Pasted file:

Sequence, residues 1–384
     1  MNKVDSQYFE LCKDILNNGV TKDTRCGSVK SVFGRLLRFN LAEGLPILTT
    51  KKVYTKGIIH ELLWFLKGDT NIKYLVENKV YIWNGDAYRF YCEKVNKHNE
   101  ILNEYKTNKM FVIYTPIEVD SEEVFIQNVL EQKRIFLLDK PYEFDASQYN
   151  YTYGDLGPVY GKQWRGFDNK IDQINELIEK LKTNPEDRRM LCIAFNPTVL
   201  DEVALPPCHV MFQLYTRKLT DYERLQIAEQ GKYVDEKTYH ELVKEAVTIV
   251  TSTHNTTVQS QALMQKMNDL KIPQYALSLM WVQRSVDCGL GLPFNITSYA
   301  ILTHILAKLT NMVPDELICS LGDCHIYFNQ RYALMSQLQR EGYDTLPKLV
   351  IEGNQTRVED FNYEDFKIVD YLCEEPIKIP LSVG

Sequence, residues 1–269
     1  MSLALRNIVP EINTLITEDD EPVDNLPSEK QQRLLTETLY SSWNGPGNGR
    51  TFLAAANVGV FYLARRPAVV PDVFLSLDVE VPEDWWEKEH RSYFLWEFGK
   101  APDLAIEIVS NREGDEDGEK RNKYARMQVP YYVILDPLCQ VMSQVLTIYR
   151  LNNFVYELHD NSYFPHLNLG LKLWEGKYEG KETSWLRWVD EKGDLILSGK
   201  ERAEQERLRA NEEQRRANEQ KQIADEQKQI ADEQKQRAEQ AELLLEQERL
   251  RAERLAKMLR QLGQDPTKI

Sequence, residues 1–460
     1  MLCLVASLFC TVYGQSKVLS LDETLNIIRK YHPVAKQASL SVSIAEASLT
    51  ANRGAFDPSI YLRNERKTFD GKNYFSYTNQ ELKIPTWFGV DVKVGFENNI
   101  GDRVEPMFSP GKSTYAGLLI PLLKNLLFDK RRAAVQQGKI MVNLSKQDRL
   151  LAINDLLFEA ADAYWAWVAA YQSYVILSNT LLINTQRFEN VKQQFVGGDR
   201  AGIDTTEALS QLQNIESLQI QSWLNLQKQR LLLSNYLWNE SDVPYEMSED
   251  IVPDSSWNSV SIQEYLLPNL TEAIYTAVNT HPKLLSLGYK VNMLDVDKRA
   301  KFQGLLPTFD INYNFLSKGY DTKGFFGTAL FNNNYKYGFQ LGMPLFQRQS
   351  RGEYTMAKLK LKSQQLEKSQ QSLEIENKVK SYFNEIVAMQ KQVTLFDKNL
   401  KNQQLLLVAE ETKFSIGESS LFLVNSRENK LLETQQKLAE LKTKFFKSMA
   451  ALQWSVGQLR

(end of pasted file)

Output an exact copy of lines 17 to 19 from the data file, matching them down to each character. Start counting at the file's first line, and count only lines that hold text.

Sequence, residues 1–460
     1  MLCLVASLFC TVYGQSKVLS LDETLNIIRK YHPVAKQASL SVSIAEASLT
    51  ANRGAFDPSI YLRNERKTFD GKNYFSYTNQ ELKIPTWFGV DVKVGFENNI